This Must Be The Place (Paolo Sorrentino, 2011)


Sean Penn (Cheyenne), Frances McDormand (Jane). Screenplay by Umberto Contarello and Paolo Sorrentino. Directed by Paolo Sorrentino. Running time: 118 minutes.

In The Times today there’s a piece on Johnny Depp’s new film in which he plays Hunter S. Thompson, and the only thing to take from an otherwise normal, uninspiring interview was the revelation that Depp’s presence in the film liberated the director from the producer’s shackles. They know his name ensures the money comes flowing in, and so a little artistic licence is allowed because they’ve got nothing to lose. Cast a B-lister, though, and the message is clear: we’ll make sure you produce something simple enough that the masses come flocking in to get their kicks.

I did have a reason for beginning with this, but I’ve lost sight of it in the time it’s taken me to write it. Clearly I didn’t want to draw a direct parallel, because despite his prestige Sean Penn isn’t a dollar-magnet a la Depp. Perhaps, however, it seemed relevant because it sheds light on the relationship between actors and directors more generally, and you must wonder if a film like This Must Be The Place, however worthy of our time regardless of Penn’s involvement, does in fact hinge on his presence for the sake of PR and promotion. I know I wouldn’t have seen it were it not for him, and their knowing that’s the case is probably the reason that once he was on board here, the film got a $30m budget.

For the film is, despite bearing a well-known face (albeit a drastically altered one) in no way conventional. (There’s another Depp connection – no doubt Tim Burton’s quirky films wouldn’t reach the audience they do were it not for the pulling power of his lead actor). What we have here is an attempt at novel cinema utilising tactics that can elsewhere often turn out tedious. Considered on paper there is no way it should work. Fortunately, its weirdness turns out to have the bafflingly successful Juno feel to it, rather than, I don’t know – let’s say the Coens’ overly odd Miller’s Crossing? (Frances McDormand from Fargo plays Cheyenne’s wife, probably explaining my association).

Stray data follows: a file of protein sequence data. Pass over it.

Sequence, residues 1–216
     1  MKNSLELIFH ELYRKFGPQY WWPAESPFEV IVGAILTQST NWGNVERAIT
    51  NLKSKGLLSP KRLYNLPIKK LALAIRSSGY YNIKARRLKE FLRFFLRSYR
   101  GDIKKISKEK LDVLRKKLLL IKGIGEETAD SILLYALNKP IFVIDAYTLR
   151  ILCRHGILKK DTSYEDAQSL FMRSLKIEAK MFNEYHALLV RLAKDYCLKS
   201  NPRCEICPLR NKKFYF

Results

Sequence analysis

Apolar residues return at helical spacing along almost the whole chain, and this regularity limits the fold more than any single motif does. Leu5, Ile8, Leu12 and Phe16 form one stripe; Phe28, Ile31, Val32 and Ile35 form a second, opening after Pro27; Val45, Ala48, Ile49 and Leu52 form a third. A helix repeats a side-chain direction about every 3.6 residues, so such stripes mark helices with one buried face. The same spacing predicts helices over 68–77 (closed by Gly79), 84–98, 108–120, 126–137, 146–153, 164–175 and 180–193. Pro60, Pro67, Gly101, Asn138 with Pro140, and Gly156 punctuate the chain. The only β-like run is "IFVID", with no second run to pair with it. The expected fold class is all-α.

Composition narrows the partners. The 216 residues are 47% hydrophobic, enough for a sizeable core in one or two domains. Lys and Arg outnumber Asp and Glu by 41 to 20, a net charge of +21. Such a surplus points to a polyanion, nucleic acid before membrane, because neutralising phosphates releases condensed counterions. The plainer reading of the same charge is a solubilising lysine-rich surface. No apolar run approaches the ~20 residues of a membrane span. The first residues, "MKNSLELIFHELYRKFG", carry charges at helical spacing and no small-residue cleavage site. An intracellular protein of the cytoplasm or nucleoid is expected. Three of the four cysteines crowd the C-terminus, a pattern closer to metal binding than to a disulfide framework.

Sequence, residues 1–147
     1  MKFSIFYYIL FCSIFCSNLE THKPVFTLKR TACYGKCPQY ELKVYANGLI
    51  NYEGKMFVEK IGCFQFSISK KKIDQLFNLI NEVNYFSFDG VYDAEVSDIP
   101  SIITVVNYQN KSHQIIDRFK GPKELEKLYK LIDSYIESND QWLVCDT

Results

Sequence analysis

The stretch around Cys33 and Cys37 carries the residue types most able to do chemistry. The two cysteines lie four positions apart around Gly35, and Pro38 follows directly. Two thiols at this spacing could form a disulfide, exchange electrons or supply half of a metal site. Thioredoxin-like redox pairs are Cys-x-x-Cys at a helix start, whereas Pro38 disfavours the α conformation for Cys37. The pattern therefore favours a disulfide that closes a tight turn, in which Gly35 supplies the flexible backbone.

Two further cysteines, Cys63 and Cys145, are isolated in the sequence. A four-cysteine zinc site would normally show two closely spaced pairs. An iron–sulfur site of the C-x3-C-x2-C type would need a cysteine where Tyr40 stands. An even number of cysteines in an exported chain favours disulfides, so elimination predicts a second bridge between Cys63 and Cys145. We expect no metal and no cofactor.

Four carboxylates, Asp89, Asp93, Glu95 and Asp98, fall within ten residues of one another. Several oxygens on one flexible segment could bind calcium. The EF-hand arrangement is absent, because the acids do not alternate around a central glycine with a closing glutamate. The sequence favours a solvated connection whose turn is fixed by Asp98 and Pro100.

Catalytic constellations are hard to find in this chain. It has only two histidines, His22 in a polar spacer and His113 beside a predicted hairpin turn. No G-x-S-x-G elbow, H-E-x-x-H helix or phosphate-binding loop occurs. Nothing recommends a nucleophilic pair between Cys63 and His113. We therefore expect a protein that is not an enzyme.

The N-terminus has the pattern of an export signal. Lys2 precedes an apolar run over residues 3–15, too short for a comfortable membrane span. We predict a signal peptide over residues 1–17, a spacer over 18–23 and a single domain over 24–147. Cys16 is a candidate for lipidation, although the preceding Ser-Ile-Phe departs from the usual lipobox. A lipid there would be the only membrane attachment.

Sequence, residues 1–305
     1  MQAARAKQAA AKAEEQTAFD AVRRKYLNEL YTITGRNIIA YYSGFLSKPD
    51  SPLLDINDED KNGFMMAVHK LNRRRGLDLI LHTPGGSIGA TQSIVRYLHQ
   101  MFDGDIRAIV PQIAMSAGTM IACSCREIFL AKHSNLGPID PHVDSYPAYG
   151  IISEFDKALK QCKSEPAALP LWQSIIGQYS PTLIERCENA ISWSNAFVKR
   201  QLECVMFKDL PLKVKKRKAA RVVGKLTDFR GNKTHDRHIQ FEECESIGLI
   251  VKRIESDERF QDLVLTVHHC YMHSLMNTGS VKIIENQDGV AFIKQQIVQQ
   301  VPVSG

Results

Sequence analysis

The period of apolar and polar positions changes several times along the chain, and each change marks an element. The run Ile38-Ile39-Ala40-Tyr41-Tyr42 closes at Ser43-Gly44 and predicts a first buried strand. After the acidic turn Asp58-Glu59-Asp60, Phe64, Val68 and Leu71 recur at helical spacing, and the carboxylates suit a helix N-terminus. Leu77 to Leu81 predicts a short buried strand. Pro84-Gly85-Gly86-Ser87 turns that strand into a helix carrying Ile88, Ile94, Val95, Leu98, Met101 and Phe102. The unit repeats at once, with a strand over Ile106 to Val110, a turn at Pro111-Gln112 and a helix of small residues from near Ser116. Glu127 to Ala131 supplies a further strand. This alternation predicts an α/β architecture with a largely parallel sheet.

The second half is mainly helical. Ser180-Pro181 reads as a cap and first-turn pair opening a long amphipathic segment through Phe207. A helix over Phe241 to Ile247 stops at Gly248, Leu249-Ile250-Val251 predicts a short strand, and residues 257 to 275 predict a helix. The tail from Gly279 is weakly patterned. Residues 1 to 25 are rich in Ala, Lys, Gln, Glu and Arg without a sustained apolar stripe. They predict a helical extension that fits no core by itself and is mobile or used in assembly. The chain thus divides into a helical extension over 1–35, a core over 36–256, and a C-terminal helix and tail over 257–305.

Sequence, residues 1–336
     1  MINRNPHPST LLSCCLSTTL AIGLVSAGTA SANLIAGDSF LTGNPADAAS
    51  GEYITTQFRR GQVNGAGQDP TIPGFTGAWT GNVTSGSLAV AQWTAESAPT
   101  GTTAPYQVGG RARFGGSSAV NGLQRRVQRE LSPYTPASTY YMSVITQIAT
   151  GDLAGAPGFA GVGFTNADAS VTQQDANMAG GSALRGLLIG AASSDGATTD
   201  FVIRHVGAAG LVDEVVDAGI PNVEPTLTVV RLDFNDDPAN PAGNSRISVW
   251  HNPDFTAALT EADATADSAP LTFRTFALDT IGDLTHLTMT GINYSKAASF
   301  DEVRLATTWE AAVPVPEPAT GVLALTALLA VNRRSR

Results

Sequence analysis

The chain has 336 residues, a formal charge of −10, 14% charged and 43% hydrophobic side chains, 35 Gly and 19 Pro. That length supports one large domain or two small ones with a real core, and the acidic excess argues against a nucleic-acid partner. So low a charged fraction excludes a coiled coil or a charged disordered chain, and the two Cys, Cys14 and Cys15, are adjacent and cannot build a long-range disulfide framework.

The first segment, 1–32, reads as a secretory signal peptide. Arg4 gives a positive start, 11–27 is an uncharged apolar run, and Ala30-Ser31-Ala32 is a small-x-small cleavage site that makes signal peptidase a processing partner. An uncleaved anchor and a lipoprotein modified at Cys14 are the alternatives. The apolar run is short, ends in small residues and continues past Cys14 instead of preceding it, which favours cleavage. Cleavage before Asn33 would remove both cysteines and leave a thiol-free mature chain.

But screw paper; check out the trailer and you’ll see what I mean. It’s a ‘story’ about an ageing retired rock star setting off on an American road trip to find the Nazi guard that tortured his now dead father, but it’s not really interested in that. It’s more like getting to know a hugely original character through a series of alternatingly comedic and dramatic encounters. But! And it’s a huge bloody but – just listen to that damn voice, nevermind the hair and makeup. Penn looks like he’s going for some kind of Manson meets Osbourne mixed look, the difference being the small fact that whilst their sound as well as image is macho, Cheyenne’s voice is whimpier than a schoolgirl’s. He fills this character with an insanely daring conception, and it shouldn’t work. But – the final time, I promise – it somehow does.

It’s pretty immune to analysis, but watch and I have no doubt you’ll understand. We’re given a picture of Dublin and a road trip across the States where everything from the surrounding architecture to peripheral characters just don’t seem like the type of buildings or people you would ever encounter in real life, and certainly not this frequently. But maybe it’s Cheyenne’s influence that ensures they seem stranger than they actually are. He is, after all, in every scene, making moments funny for nonexistent reasons.

And that’s why it’s an uncomfortable feeling. There’s a pingpong scene that had the audience howling – me included – but why? It’s simple and oh so stupid. You’ll be left wondering why you’ve been made go quietly happy. Maybe it’s the music. The soundtrack is the one aspect that is unqualifiedly, supremely good.

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